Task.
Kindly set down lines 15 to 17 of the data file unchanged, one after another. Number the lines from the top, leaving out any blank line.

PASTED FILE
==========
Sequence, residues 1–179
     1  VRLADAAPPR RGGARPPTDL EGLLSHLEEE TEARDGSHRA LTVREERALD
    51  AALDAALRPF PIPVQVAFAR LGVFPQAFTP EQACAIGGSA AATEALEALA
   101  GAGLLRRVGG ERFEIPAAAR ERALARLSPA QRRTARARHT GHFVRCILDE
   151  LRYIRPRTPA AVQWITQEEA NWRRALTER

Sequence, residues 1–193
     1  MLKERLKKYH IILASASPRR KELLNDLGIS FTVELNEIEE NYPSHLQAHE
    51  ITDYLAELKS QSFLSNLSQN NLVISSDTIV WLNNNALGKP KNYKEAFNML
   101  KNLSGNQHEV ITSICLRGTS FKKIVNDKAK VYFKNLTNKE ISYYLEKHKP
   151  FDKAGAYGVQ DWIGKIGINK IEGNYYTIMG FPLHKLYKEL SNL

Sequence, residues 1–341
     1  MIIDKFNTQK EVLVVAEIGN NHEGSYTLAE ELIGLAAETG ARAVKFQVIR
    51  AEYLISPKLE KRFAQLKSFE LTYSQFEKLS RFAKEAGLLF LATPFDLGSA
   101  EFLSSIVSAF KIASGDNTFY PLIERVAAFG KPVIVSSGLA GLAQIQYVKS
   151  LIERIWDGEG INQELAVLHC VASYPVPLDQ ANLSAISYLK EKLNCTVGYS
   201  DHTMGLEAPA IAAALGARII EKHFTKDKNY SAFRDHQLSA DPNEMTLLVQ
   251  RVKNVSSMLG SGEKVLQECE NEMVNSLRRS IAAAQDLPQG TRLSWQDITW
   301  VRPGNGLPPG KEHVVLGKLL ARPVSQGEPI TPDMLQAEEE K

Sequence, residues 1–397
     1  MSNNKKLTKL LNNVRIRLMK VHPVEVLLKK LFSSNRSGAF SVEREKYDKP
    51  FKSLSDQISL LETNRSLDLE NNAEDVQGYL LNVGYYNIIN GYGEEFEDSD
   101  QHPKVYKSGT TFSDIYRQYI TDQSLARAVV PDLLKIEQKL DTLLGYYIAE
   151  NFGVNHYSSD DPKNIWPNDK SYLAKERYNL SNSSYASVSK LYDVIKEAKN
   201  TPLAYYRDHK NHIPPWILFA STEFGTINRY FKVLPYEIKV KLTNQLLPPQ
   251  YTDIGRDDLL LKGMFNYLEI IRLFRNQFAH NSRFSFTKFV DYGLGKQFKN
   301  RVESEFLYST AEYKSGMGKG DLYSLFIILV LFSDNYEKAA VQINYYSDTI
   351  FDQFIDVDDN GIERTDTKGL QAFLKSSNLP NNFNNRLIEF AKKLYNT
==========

   151  LIERIWDGEG INQELAVLHC VASYPVPLDQ ANLSAISYLK EKLNCTVGYS
   201  DHTMGLEAPA IAAALGARII EKHFTKDKNY SAFRDHQLSA DPNEMTLLVQ
   251  RVKNVSSMLG SGEKVLQECE NEMVNSLRRS IAAAQDLPQG TRLSWQDITW